Just for entertainment, I wrote a program that simulates the US presidential election of 2020. (I was interested in seeing whether, for example, predictit's relatively low probability of Biden's winning the election could be reconciled with its relatively high probability of his winning Pennsylvania.) The program assumes that between now and election day, voting in each state will change by some amount. This change is modeled as the sum of two normal (Gaussian) random variables, one of which is nationwide and the other per-state. This question is about how big to make the first variable's standard deviation, which I notate as A.

I've found data showing that historically, state polling from a week or two before election day has a mean absolute error of about 5% in predicting the national popular vote, which is quite small. However, it's only July now, and traditionally most voters would not have paid much attention at all to a presidential election this early in an election year. Therefore you would expect the correct value of A to be much higher. That is, there is plenty of time for events to occur and for people to make up their minds or change their minds.

Can anyone point me to any historical data on how big these fluctuations are likely to be when x amount of time remains until election day? (The 2020 election may be different, because Trump is so polarizing and so many people have already made up their minds about him, but that would be a different topic. Right now I'm just looking for historical data.)

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    Have you looked at fivethirtyeight.com? They do extensive modeling of this sort for every election... – jeffronicus Jul 17 '20 at 17:58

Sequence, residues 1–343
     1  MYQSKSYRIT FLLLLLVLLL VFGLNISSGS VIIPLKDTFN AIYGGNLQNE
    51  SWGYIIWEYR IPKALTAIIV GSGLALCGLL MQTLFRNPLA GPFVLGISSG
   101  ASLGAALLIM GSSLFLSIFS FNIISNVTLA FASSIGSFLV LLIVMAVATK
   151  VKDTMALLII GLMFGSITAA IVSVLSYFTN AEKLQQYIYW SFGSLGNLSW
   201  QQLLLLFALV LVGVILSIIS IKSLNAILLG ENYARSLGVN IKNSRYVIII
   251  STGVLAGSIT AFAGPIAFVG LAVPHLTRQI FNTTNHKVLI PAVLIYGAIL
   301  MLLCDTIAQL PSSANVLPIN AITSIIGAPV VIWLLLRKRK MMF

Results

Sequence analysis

• @jeffronicus: Are you asking whether I've looked at their predictions, or whether I've looked at a description of the mathematical internals of their modeling? If the former, then I don't think they publish predictions of the kind of thing described in the question, such as the conditional probability that Biden loses given that he wins in Pennsylvania. If the latter, then no, and it would be helpful if you could point me to such a description. – Ben Crowell Jul 17 '20 at 18:15
  • @jeffronicus: Your comment prompted me to look up how fivethirtyeight's model works. I found a description here: election.princeton.edu/2012/11/04/… It seems to be a totally different type of model, and therefore not really applicable to what I'm trying to do. – Ben Crowell Jul 17 '20 at 18:33
  • there's a lot of sites with graphs and tables of state-level polling over time. all you need to do is compute the avg deviation x days out. – dandavis Jul 17 '20 at 19:17

I did some more web searching, and I found some information that seems to answer my own question.

This site has polling errors for the popular vote in the last 10 presidential elections. Twelve months out, the average absolute error is about 12%, 4 months out is 9%, and in the final month 2.5%.

If you restrict attention only to more recent elections (1996-2016), then you get a very different picture. The average absolute error is somewhere around 5%, and it doesn't go down much except when you get very close to the election. They don't comment on why this is. It could be that partisanship has gotten stronger, or that pollsters have gotten better at their jobs, or it could just be a coincidence that the the last 6 elections behaved this way. When the error is as small as 5%, you're mainly measuring polling error, not true shifts in voters' opinions.

I'm actually interested in state voting, not the popular vote, so this is not exactly what I needed. However, it seems reasonable to roughly double these numbers for state polling, since, as described in the link in the question, state polling errors in the final month are typically about 5% (smaller for states that have been well polled).

  • how are you calculating %? If an early poll says 48%-42%, and the result is 53%-47%, is that really error? – dandavis Jul 20 '20 at 9:20
  • @dandavis: I think they're working with differences, so in your example the poll said +6 and the result was +6. – Ben Crowell Jul 20 '20 at 20:17

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